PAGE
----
Not long into 'Martyrs (2015),' a remake of Pascal Laugier's far-superior 2008 gore shocker, the low-budget flick brings into question the necessity of its existence. And not in some deliberately creative, self-aware approach that would've proven far more interesting than what we're actually given. But it begs that ever important question of pretty much all remakes. What's the point of redoing a movie, particularly when retrofitting a foreign film for American sensibilities — or should I say, fragile tastes — when the end result is little more than a rehash of the original? Sans the visceral, gut-wrenching visuals and the impact of the plot's philosophical ponderings, which are integral to the original's continued cult fascination. I highly doubt this production will ever be remembered as anything more than a failed attempt because it offers little difference to its predecessor and brings nothing of value to the subject matter. It's twelve minutes shorter and nowhere near as brutally gory or intelligent as Laugier's film.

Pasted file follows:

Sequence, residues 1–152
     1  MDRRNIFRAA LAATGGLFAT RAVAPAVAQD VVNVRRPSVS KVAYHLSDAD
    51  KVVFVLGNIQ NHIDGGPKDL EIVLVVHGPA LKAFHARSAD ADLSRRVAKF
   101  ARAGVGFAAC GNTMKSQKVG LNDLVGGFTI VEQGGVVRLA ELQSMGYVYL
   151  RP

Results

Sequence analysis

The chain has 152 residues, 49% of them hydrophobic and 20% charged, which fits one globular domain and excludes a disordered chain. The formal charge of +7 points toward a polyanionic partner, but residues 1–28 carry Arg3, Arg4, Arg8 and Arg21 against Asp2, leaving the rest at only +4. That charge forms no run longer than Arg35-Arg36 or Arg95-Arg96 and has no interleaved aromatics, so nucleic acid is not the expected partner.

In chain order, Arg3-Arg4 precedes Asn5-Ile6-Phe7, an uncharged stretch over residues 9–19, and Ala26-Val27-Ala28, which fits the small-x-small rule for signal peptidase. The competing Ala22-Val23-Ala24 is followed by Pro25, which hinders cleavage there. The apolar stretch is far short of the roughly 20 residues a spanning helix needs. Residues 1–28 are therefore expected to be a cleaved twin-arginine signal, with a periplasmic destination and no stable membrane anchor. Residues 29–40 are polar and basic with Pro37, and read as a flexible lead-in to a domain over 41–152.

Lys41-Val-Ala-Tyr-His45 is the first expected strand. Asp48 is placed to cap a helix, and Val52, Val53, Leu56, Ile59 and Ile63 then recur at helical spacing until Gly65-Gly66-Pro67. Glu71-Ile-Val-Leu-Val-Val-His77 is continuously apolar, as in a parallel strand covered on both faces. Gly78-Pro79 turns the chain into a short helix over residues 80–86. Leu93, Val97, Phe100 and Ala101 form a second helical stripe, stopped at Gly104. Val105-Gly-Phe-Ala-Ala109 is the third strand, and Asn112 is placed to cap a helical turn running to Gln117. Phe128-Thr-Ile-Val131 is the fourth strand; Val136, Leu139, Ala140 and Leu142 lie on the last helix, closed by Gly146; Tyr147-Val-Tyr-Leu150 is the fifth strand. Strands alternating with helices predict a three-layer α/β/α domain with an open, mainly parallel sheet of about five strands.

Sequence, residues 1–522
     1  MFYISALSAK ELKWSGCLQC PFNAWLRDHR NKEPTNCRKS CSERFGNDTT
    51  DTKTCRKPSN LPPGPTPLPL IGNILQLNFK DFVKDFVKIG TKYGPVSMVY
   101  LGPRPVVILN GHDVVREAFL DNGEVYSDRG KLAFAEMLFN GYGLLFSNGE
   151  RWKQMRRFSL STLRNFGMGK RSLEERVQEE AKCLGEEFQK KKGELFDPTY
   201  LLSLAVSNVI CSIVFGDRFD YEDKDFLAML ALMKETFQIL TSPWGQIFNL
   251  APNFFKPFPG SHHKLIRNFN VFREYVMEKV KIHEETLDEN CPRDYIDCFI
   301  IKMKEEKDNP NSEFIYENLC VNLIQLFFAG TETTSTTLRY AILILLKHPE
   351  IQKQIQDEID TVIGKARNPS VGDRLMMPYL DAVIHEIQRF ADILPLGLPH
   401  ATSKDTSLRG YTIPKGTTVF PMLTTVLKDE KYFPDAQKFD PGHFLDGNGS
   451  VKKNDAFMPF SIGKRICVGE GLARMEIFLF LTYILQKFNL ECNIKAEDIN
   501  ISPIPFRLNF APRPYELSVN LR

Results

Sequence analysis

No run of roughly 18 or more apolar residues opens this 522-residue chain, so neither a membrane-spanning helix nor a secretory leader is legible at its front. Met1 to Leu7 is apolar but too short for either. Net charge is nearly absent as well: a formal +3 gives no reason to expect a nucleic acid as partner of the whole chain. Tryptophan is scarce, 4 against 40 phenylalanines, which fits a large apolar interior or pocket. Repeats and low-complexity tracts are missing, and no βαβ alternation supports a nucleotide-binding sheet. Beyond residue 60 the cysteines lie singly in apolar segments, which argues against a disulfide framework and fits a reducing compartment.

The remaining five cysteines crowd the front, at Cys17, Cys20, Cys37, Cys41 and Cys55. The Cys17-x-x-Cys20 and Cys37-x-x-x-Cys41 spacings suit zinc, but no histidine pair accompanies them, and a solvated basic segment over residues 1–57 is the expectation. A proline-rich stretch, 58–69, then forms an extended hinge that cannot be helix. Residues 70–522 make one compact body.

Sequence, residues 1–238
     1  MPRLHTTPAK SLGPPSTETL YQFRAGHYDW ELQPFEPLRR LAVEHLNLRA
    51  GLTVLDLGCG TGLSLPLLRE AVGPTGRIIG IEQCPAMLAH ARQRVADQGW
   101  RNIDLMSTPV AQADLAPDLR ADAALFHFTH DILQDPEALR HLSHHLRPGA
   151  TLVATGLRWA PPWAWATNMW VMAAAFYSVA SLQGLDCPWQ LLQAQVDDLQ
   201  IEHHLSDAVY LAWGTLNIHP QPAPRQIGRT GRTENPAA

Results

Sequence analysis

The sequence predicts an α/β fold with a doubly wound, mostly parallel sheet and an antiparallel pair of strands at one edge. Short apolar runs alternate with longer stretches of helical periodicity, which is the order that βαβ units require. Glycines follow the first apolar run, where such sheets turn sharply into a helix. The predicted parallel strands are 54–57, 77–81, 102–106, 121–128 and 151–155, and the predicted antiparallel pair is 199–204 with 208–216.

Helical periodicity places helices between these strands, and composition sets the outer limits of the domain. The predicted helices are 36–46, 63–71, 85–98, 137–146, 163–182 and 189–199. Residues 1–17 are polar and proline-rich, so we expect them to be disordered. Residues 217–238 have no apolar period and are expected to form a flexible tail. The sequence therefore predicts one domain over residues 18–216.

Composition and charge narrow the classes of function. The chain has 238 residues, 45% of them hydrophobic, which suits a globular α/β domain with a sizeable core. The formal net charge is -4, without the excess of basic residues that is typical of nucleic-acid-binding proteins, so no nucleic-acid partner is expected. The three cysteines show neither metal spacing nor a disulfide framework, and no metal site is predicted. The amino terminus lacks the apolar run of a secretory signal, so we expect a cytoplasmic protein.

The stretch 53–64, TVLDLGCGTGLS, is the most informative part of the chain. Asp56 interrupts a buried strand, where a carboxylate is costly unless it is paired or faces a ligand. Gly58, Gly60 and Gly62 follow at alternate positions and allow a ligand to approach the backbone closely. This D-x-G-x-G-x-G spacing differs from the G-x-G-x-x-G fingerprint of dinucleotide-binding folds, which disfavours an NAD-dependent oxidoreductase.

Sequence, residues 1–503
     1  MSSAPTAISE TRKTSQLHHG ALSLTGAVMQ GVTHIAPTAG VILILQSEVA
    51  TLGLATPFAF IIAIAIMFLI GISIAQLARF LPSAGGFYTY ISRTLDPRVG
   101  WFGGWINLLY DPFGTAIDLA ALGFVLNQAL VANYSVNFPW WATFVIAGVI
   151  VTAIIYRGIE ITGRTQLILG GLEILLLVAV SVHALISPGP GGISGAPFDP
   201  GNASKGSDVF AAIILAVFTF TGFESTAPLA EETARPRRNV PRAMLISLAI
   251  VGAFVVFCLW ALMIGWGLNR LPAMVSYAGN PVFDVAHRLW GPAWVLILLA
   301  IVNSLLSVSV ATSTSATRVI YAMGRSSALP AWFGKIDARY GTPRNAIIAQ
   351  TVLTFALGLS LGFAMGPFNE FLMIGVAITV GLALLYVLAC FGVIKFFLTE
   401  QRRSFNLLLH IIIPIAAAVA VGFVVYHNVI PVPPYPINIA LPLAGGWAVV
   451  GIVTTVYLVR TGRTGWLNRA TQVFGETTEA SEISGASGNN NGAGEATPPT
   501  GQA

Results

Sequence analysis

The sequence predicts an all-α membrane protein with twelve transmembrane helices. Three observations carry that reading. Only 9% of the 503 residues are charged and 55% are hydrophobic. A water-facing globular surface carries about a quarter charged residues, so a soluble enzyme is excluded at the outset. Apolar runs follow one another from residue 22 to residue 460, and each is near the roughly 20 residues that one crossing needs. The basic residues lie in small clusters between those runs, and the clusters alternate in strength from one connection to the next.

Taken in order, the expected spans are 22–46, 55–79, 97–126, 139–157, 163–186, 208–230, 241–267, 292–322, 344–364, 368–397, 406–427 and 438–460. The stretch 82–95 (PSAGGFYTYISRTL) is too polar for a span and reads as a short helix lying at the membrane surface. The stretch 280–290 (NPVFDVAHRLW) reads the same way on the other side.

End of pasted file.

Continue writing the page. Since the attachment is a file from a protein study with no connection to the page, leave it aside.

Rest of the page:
In the movie's defense, the Goetz brothers, whose 'Scenic Route' was a pleasant surprise in 2013, made just enough changes for this to be a tolerable watch for those unfamiliar with the original French film. However, the minor changes are not sufficient for dodging accusations of being a pointless rehash, which ultimately warrants a recommendation for seeking Laugier's more stylized and skilled production while ignoring this one altogether. In fact, the filmmakers follow Laugier's story almost beat for beat, despite this adaptation being penned by 'Vacancy' and 'The Revenant' scribe Mark L. Smith, which is rather surprising. It opens with ten-year-old Lucie escaping unknown captors after years of abuse and later building a close relationship with Anna at a children's orphanage. Eventually, the two girls grow into Troian Bellisario of 'Pretty Little Liars' fame and Bailey Noble living drastically different lives. Bellisario's Lucie is understandably a damaged wreck while Noble's Anna is a college student.